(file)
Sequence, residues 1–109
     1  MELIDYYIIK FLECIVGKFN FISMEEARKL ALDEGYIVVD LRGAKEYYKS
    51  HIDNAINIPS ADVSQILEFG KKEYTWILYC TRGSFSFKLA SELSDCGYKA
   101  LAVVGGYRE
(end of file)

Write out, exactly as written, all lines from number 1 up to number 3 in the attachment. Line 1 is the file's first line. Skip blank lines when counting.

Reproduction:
Sequence, residues 1–109
     1  MELIDYYIIK FLECIVGKFN FISMEEARKL ALDEGYIVVD LRGAKEYYKS
    51  HIDNAINIPS ADVSQILEFG KKEYTWILYC TRGSFSFKLA SELSDCGYKA